CENTRAL MINNESOTA, November 7, 2014 — Los Angeles Coroner’s Reports confirm that on August 11, 2014 that Robin Williams, the 63-year-old actor and comedian took his own life.
Unable to hear the cheers of the millions of fans around the globe who loved him Williams was a tortured genius, a man who spread light to the four corners of the world while trying to fend off the darkest of demons. Alcohol, drugs, and eventual a crippling depression overcame the man who brought tears of laughter to generations of fans.
When a celebrity dies, the immediate temptation is to embellish their societal contribution. In this case, the highest praise and adulation is insufficient. Robin Williams was that special. He was that good. He was the greatest comedian in the history of comedy.
He was the very best.
The shock and sadness that permeates everywhere from the red carpet to the water cooler has to be a hoax. Williams is going to pop up somewhere and everything will be fine.
If any man should not have died, it was him.
In a world wracked with war, terrorism, poverty, disease and pain, Robin Williams made us laugh. He made us feel good.
While his death is no one person’s fault, it seems so cruel and unfair that not one person out of seven billion global inhabitants could be there for him when he needed it most. So many people loved this man, and every one was too powerless to communicate that love in a way that could wash away the cloud of depression that followed him on his journey.
The man who cracked us up while saving a life and yelling “Help is on the way,” did not receive what he gave. For him, help was not on the way. His life was not saved.
He was an outstanding comedic and brilliant dramatic actor. HIs appearance on Inside the Actor’s Studio with James Lipton is legendary:
He brought us to tearful hysterics by transforming himself into a 60-year-old woman named Mrs. Doubtfire. He was preparing to film its sequel nearly two decades after the original 1993 hit.
His acting career was impressive, being nominated for three Academy Awards, winning The Best Supporting Actor Oscar in 1998 for “Good Will Hunting,” playing a therapist who works with a troubled prodigy played by Matt Damon.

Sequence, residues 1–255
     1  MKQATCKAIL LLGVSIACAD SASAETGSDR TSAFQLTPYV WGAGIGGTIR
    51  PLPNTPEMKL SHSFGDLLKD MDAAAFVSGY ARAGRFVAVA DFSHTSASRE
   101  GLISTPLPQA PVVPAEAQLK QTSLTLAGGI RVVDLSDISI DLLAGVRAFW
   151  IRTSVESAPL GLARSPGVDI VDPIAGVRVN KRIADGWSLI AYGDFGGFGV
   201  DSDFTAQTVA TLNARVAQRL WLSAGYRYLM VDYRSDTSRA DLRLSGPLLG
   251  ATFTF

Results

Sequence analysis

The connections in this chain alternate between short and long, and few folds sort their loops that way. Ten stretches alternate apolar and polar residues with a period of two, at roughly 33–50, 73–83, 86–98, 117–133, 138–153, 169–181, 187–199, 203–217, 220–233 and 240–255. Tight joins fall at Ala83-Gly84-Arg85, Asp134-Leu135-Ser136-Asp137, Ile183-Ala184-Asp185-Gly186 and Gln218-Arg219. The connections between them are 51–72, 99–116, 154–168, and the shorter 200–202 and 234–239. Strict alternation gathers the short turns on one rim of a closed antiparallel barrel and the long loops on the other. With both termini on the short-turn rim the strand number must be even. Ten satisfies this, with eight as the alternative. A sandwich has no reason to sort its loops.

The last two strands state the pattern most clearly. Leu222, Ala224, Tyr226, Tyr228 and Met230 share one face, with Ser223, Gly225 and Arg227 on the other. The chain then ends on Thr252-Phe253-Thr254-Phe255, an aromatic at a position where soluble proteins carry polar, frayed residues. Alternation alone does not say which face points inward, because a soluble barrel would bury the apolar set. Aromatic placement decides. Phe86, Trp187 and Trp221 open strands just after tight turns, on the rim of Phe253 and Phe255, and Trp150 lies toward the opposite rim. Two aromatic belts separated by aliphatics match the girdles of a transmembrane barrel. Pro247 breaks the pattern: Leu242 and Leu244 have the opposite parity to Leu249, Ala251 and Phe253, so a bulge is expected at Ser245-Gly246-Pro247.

But he will always be known as a comedic genius. The term genius is overused, but he embodied the term. He could make anything funny, the king of the ad-lib.
He danced in front of Whoopi Goldberg, singing, “Chaka Khan.”
He poked fun at his own hairy back and chest and told David Letterman that his thick beard was his preparation for the Chabad telethon.
In “Mrs. Doubtfire,” he stood emotionless after saying, “I do a great impersonation of a hot dog.” That same movie had him accidentally lighting his latex endowed breast on fire leaning over the stove, exclaiming, “My first day as a woman, and I am already having hot flashes.”
As a radio personality in “Good morning, Vietnam,” he announced the weather report by saying, “Today it’s hot, tomorrow, it’s hot.”
His routine on Scotsman and golf is one of the greatest comedy routines of all time.
His imitation of Elmer Fudd singing Bruce Springsteen became an instant classic.
Once, when a woman got up in the middle of his show to use the ladies room, Williams stepped down from the stage, lifting her fur coat from the chair. She came back thinking it was stolen, having no idea Williams was on stage parading around in it.
An appearance on one of the late night talk shows was mandatory viewing for everyone. The host would lose total control of the show as Williams just ran wild with unscripted comedy bits.
He even elicited humor in his human failings. He said that he quit drugs to save his life, but that a bigger deterrent was the “grand jury.”
Williams did so much more than make people laugh. He used his gifts to raise hundreds of thousands of dollars for charity. With Billy Crystal and Whoopi Goldberg, his “Comic Relief” tours helped raise plenty of money for homeless people.
Nothing was sacred. No topic was off limits. On dating in the 1990s, he exclaimed, “Gosh Helen, I really like you. May I have some blood and urine so I can run some tests?”
Despite having strong political opinions, he never let political correctness or self-censorship ruin his routines. Many individuals who disagreed with his politics loved him for his ability to make them laugh.
From alien Mork from the planet Ork to an animated genie in Aladdin to his appearance on the final Tonight Show where Johnny Carson had guests, Williams made us all laugh. He considered Jonathan Winters, who died in 2013, to be the best comedian and credited him for his sense of humor.
Winters would probably give the title to Williams.
There is a temptation to be angry at Robin Williams. He took himself away by choice, hurting those he loved the most. The alternative is to thank God for creating him and allowing him to be a part of our lives for a long if not long enough time.
There will never be another one like him. What Mozart was to music and Michael Jordan was to basketball, Robin Williams was to comedy. We grieve his loss because he was the very best at what he did.
We take a small amount of solace in knowing that while his body is gone, his videos will be with us forever.
He achieved immortality while he was alive. All his death does is reinforce what we already know.
Because those that know him, know he is the greatest comedian – person, father, husband, friend – who ever lived.